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Lecture# Deformation and Rotation Analysis

Description

This lecture covers the analysis of deformation and rotation in various materials, focusing on concepts such as angular velocity, circulation, and vorticity. It also discusses the conservation of mass and the Navier-Stokes equations for fluid dynamics.

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Related concepts (104)

ME-280: Fluid mechanics (for GM)

Basic lecture in fluid mechanics

Conservation of mass

In physics and chemistry, the law of conservation of mass or principle of mass conservation states that for any system closed to all transfers of matter and energy, the mass of the system must remain constant over time, as the system's mass cannot change, so the quantity can neither be added nor be removed. Therefore, the quantity of mass is conserved over time. The law implies that mass can neither be created nor destroyed, although it may be rearranged in space, or the entities associated with it may be changed in form.

Euler equations (fluid dynamics)

In fluid dynamics, the Euler equations are a set of quasilinear partial differential equations governing adiabatic and inviscid flow. They are named after Leonhard Euler. In particular, they correspond to the Navier–Stokes equations with zero viscosity and zero thermal conductivity. The Euler equations can be applied to incompressible or compressible flow. The incompressible Euler equations consist of Cauchy equations for conservation of mass and balance of momentum, together with the incompressibility condition that the flow velocity is a solenoidal field.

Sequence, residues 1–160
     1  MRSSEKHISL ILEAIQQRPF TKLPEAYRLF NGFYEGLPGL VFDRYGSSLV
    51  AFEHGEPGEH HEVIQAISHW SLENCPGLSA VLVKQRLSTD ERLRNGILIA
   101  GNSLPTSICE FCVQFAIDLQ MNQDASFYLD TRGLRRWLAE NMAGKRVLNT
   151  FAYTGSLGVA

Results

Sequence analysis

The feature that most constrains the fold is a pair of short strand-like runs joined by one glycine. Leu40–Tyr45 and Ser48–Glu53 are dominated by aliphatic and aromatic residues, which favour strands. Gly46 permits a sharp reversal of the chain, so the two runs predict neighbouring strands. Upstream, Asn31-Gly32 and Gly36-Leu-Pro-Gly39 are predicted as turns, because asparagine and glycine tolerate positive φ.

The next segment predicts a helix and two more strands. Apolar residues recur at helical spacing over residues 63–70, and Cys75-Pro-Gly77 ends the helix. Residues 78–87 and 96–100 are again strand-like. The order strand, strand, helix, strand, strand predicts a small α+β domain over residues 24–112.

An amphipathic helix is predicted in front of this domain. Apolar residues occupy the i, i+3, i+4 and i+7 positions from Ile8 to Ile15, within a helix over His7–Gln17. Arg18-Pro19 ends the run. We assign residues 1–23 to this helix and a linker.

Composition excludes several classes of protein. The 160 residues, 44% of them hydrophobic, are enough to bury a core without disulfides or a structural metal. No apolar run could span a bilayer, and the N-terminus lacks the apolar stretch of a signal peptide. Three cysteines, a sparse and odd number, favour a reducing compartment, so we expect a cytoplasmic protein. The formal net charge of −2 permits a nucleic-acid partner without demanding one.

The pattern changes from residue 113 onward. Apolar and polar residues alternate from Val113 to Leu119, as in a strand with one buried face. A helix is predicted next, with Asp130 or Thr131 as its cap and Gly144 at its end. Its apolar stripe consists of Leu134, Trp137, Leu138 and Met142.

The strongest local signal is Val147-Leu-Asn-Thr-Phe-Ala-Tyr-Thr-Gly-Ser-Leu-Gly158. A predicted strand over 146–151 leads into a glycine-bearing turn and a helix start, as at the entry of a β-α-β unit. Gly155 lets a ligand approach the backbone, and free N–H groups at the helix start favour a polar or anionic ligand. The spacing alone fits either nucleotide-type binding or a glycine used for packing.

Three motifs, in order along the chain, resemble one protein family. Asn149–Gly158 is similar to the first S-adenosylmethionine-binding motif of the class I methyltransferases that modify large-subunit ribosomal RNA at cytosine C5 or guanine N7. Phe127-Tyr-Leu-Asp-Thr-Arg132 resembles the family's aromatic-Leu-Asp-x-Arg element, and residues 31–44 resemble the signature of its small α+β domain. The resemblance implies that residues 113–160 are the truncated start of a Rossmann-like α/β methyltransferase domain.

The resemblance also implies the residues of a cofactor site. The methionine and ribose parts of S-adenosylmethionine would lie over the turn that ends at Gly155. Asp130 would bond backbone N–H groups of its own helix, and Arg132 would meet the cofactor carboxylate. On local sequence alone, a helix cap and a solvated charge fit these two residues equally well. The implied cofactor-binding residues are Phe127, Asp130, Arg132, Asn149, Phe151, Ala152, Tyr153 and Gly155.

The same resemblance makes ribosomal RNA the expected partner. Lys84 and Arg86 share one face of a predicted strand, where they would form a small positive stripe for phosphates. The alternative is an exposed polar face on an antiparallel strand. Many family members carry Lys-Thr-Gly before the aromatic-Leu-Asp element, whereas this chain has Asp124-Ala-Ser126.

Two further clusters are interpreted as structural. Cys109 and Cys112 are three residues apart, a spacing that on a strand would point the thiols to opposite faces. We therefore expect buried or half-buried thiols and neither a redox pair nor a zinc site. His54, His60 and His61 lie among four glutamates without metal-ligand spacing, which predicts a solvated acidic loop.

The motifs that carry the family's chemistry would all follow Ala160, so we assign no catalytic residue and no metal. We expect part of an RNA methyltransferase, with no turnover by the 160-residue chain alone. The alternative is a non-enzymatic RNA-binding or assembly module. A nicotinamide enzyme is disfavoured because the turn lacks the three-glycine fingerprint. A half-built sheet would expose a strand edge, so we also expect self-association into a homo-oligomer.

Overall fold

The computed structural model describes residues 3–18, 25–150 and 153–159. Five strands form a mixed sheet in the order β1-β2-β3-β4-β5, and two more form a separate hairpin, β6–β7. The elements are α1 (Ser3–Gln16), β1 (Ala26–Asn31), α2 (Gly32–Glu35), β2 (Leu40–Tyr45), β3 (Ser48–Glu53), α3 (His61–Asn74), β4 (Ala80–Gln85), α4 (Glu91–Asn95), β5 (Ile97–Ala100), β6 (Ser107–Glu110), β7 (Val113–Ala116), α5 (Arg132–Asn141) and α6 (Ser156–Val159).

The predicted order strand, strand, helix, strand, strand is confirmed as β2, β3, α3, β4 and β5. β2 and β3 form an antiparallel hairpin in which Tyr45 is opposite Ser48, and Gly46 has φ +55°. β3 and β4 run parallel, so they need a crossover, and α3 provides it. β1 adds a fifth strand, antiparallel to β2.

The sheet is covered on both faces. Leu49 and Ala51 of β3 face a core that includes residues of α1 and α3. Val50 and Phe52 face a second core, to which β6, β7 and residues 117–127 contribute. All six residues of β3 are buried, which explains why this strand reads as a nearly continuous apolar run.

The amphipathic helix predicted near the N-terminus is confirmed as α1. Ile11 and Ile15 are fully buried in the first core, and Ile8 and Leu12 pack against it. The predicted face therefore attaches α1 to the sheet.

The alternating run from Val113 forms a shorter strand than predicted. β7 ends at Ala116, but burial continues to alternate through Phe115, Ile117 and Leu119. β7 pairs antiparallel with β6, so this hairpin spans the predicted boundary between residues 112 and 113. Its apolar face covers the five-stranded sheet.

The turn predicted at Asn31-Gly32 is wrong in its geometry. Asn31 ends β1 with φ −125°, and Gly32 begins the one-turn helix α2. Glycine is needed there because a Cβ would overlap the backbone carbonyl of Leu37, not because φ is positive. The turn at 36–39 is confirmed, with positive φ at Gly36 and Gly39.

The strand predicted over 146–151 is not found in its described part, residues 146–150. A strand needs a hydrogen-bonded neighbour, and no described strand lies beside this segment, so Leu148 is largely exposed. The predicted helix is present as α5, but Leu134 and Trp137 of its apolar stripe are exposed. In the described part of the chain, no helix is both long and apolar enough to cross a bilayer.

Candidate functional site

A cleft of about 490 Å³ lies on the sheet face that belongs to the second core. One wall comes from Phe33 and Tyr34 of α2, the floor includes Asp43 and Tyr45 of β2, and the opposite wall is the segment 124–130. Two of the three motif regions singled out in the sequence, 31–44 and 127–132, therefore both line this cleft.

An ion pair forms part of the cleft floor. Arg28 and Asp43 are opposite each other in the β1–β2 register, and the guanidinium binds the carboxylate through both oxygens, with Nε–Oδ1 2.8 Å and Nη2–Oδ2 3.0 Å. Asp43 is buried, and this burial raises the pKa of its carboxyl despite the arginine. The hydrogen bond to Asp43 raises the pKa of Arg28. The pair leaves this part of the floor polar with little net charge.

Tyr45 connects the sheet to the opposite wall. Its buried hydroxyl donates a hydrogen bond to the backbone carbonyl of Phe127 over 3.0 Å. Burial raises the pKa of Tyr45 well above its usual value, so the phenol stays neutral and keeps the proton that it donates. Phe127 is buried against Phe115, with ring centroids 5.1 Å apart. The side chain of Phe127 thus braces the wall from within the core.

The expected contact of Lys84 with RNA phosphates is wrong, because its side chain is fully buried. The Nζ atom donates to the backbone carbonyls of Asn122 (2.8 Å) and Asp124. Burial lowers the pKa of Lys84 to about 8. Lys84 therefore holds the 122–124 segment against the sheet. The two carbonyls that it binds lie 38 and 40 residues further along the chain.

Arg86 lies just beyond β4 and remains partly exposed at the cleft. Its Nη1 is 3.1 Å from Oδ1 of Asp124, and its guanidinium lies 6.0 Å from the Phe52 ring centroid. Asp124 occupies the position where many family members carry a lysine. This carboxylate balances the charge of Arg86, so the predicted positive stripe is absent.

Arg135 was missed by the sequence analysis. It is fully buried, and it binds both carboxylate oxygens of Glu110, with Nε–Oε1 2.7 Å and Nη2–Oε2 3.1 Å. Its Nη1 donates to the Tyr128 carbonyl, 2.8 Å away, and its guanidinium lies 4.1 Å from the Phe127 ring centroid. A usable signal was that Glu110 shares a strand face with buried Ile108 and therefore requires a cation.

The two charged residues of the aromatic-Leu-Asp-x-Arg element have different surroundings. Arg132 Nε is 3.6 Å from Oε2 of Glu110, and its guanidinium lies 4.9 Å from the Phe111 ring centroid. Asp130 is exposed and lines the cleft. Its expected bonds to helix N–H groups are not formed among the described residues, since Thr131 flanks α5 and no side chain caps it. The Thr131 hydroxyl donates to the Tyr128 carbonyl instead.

Burgers' equation

Burgers' equation or Bateman–Burgers equation is a fundamental partial differential equation and convection–diffusion equation occurring in various areas of applied mathematics, such as fluid mechanics, nonlinear acoustics, gas dynamics, and traffic flow. The equation was first introduced by Harry Bateman in 1915 and later studied by Johannes Martinus Burgers in 1948. For a given field and diffusion coefficient (or kinematic viscosity, as in the original fluid mechanical context) , the general form of Burgers' equation (also known as viscous Burgers' equation) in one space dimension is the dissipative system: When the diffusion term is absent (i.

Measure (mathematics)

In mathematics, the concept of a measure is a generalization and formalization of geometrical measures (length, area, volume) and other common notions, such as magnitude, mass, and probability of events. These seemingly distinct concepts have many similarities and can often be treated together in a single mathematical context. Measures are foundational in probability theory, integration theory, and can be generalized to assume negative values, as with electrical charge.

Outer measure

In the mathematical field of measure theory, an outer measure or exterior measure is a function defined on all subsets of a given set with values in the extended real numbers satisfying some additional technical conditions. The theory of outer measures was first introduced by Constantin Carathéodory to provide an abstract basis for the theory of measurable sets and countably additive measures.

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